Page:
5 ( +7 / -2 )

Since Hamasaki is an internationally renowned celebrity, she is a representative of Japan.

Only if she chooses to be, otherwise a ridiculous statement. Is Keith Richards a representative of the UK? Is Madonna a representative of the US? They are very "internationally renowned," after all.

8 ( +8 / -0 )

Haters gunna hate innit. Pay little mind to little minds!

5 ( +7 / -2 )

It does look like something I would do as a bored 12 year old up to no good in the supermarket.

I guess it does makes her look trashy.

-8 ( +2 / -10 )

It's funny, because earlier in the day, I was chatting with Ayumi in the supermarket. Another customer noticed that she was holding a barcode, and then asked us if we were an item...

The fact that this advanced-level Dad joke was downvoted just shows you how humorless people are around here.

And we're criticizing outraged netizens? Just take a look in the mirror.

-1 ( +7 / -8 )

Rest of the world internet commenters: "you suck", comments about your mother, profanity, trolling

Japanese internet commenters: High and mighty self righteous nastiness that holds no bounds.

Its a scary world on Japanese social media/internet boards.

3 ( +3 / -0 )

Nice picture. But when you put yourself out there in front of the peanut gallery you can expect haters.

3 ( +4 / -1 )

I don't think Ayumi is too concerned about the criticism being as how she has over 42,628 likes on that picture.

5 ( +5 / -0 )

I read the article, read the comments, then viewed her Instagram. Good Lord I'm bored.

1 ( +3 / -2 )

gee...it's just a shopping cart, not a sacred Japanese traditional item...give the poor woman a break for goodness sake...I didn't know shopping carts had such a venerated status here...cut the crap with the age/gender/role discrimination, she isn't purposely disrespecting anyone...

6 ( +7 / -1 )

Olympic opening ceremony stage act gestating...

-1 ( +0 / -1 )

I kinda like the photo. Her comments don’t seem that interesting, though.

2 ( +2 / -0 )

She just wants attention and reactions from people. I guess that's what you do when your star is fading. maybe she just wants to extend her Famous 15 minutes a bit longer.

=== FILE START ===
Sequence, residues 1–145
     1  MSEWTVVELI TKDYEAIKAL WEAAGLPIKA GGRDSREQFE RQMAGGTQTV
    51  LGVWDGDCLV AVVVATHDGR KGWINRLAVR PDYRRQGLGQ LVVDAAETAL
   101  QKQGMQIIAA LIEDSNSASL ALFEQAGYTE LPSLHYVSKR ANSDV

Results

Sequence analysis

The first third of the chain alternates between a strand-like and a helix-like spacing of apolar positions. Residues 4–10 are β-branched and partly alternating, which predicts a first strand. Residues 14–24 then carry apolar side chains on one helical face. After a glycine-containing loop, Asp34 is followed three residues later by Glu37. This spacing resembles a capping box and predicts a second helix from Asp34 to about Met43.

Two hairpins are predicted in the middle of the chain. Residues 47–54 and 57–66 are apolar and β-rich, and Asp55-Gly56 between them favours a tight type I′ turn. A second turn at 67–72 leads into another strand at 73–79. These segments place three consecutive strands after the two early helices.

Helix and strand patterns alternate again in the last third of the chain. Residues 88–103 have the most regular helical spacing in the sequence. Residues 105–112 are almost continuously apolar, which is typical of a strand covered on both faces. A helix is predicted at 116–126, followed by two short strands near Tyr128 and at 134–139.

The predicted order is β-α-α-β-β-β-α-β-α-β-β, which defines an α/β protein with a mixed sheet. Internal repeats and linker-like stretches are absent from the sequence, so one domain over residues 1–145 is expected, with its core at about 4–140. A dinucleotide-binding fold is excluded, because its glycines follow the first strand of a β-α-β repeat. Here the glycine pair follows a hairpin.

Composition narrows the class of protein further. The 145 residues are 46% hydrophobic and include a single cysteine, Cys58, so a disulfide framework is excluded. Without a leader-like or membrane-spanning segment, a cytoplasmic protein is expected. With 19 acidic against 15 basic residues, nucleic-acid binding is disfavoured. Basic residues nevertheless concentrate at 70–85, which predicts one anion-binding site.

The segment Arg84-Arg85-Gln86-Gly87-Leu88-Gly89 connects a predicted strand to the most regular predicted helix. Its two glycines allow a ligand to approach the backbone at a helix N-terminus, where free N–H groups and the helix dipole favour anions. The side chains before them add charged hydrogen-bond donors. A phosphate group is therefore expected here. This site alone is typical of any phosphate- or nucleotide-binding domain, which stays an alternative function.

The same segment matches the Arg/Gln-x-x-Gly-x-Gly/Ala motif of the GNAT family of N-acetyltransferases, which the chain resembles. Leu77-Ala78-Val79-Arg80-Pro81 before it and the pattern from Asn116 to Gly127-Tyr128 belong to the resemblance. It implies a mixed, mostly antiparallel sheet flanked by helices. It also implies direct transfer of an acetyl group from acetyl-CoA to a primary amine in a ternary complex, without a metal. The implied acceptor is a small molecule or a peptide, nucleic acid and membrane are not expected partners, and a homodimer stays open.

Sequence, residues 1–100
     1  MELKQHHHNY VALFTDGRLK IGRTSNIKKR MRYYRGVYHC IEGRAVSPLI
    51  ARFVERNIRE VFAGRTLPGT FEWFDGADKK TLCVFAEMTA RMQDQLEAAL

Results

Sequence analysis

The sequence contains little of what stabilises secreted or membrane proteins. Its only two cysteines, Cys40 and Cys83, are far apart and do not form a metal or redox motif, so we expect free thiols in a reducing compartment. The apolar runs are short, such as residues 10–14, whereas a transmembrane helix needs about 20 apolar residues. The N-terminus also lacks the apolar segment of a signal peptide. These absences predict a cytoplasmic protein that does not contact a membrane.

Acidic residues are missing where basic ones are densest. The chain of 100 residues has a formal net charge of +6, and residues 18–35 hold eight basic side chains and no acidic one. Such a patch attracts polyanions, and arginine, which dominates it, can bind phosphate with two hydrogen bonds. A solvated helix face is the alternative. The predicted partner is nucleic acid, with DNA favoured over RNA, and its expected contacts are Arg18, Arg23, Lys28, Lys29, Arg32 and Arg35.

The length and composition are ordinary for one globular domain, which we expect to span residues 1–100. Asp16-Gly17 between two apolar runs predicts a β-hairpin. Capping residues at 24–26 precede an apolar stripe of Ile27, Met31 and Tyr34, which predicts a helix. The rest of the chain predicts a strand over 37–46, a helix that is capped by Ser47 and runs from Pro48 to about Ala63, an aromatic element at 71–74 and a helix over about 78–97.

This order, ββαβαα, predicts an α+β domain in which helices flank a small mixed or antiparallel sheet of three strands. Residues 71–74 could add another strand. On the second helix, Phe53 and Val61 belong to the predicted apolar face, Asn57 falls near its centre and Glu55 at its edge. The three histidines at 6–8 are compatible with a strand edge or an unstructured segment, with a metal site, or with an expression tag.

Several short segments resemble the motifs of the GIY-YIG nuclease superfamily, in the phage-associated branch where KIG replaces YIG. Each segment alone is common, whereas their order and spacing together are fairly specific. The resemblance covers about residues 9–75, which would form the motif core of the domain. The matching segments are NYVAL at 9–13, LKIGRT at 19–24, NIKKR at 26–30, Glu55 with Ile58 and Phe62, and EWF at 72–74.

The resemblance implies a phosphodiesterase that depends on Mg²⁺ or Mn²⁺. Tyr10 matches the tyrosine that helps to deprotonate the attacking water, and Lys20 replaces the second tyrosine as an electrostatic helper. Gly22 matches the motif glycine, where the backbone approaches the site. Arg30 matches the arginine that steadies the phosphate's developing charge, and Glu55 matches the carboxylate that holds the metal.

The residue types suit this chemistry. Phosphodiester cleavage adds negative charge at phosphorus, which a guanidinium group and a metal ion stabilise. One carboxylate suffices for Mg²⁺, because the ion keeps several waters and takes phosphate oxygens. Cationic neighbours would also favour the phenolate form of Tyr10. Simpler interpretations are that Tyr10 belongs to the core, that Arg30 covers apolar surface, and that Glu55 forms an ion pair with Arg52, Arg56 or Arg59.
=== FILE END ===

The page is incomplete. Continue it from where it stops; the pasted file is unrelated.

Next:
-4 ( +1 / -5 )

She's a washed put star, trying to get her 5 mins of fame..

-7 ( +2 / -9 )

Since Hamasaki is an internationally renowned celebrity, she is a representative of Japan, and has an undeniable influence on the youth of Japan. 

If she's not on the Billboard list, she's not international anything..

-6 ( +2 / -8 )

Making an entire article about internet trolls/netizens only feeds them to do more. It seems like half of the entertain and sports articles I read nowadays are about peoples' reactions on social media.

2 ( +2 / -0 )

The Age of Outrage. It wouldn't be a picture if someone wasn't angry.

Of course, people would be angry no matter the picture.

Personally, I think it's a pretty cool shot. And you could show me that shot 1000 times in a 1000 circumstances, and not once would I say 'be careful about putting that on Instagram'.

7 ( +8 / -1 )

Ayumi Hamasaki posts a photo to get attention. The professional offence-takers react giving Ayumi Hamasaki more attention. The more sober minds weigh in criticising the professional offence-takers giving Ayumi Hamasaki more attention.

It seems famous people posting unusual photos on Instagram is a really good idea.

5 ( +5 / -0 )

Why am I reading this?

6 ( +6 / -0 )

Not sure about her being an internationally renowned celebrity, but I would push her around in a cart (or do anything) else she wants...

4 ( +4 / -0 )

Once upon a time, horror movies was scary. Now everything has become scary....right in your eyes...on your hand.

-2 ( +1 / -3 )

WTF? Seriously? Of all the things to complain about... sitting in a shopping trolley? Really? Ayumi should just ignore these complaints - they are made by people who are just a tad deranged.

6 ( +6 / -0 )

Oh lighten the hell up Japan! You've got worse things to worry about

2 ( +4 / -2 )

Those people criticizing are not fans, ignore them.

1 ( +2 / -1 )

So it seems clear that she won’t be deleting it any time soon

Not that clear actually. If she values her fans ( and some non-fans), she just might delete it & apologize...knowing Japanese celebrities.

-3 ( +0 / -3 )

The sad part is that stuff like this is even considered newsworthy. I put this on a par with all the recent angst about Game of Thrones. Come on, news media, stop pandering to lowbrow minds and give us real news :P

3 ( +3 / -0 )